This course is one of the five "core" courses required for all master's specialties. The class will review the properties and composition of seawater; the importance, distribution, relationships and cycling of major inorganic nutrients; dissolved gases; trace metals; and organic compounds. A self-paced laboratory is included in the course activities. Problem solving is supplemented with interactive microcomputer work.
understand and apply the concepts of salinity and constancy of composition of the major seawater ions
estimate the salinity of seawater by various physical and chemical methods
compare and contrast the physical properties of seawater and fresh water
determine dissolved oxygen concentrations in and rates of change in seawater, and properly evaluate the ecological meaning of the results
demonstrate a basic understanding of the importance, major forms, distribution, measurement, and cycling of inorganic forms of phosphate, nitrogen, and silicate and trace elements in the sea
understand, apply and interpret ratios of carbon, oxygen, phosphorus, nitrogen, and silicate according to the Redfield ratios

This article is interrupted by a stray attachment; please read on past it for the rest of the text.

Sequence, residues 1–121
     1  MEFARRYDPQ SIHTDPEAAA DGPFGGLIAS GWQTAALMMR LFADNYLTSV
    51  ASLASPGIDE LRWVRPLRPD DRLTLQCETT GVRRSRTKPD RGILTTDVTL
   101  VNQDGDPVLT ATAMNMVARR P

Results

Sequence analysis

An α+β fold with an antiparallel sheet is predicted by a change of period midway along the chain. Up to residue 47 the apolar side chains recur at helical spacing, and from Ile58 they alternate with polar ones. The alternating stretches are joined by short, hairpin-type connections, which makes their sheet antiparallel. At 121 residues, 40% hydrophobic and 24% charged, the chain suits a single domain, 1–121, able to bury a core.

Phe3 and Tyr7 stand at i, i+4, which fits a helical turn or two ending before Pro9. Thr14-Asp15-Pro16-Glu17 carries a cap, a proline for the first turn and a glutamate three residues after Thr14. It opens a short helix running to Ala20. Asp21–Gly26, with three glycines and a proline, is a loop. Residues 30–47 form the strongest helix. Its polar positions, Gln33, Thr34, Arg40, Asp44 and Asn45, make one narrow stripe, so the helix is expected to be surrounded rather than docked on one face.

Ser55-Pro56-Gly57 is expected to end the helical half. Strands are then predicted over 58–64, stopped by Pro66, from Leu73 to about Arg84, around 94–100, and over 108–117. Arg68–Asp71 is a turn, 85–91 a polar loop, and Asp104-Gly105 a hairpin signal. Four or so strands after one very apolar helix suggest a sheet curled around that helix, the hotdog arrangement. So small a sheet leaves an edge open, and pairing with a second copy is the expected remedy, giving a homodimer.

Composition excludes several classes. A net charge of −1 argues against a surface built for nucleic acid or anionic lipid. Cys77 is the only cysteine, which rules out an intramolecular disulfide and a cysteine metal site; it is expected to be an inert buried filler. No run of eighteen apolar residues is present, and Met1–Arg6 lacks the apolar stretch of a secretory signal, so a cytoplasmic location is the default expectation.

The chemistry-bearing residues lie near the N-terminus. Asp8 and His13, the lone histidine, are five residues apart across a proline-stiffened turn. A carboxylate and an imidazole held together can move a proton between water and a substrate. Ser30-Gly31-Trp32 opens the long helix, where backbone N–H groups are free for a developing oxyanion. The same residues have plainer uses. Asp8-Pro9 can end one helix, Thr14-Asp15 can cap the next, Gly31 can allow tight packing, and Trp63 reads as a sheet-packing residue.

correctly determine the pH of seawater by electrochemical means, and interpret the meaning of pH fluctuations in biological or ecological terms
calculate the concentrations and fluctuations of the major components of the CO2 system from pH/alkalinity data, and interpret the results in biological or ecological terms
describe the general categories and importance of trace elements and dissolved organic matter and in the sea
Recommended- Millero, FJ. 2006.
Chemical Oceanography, 3rd Ed. Taylor and Francis Group.
The Mission of the Oceanographic Center is to carry out innovative, basic and applied research and to provide high-quality graduate and undergraduate education in a broad range of marine science and related disciplines.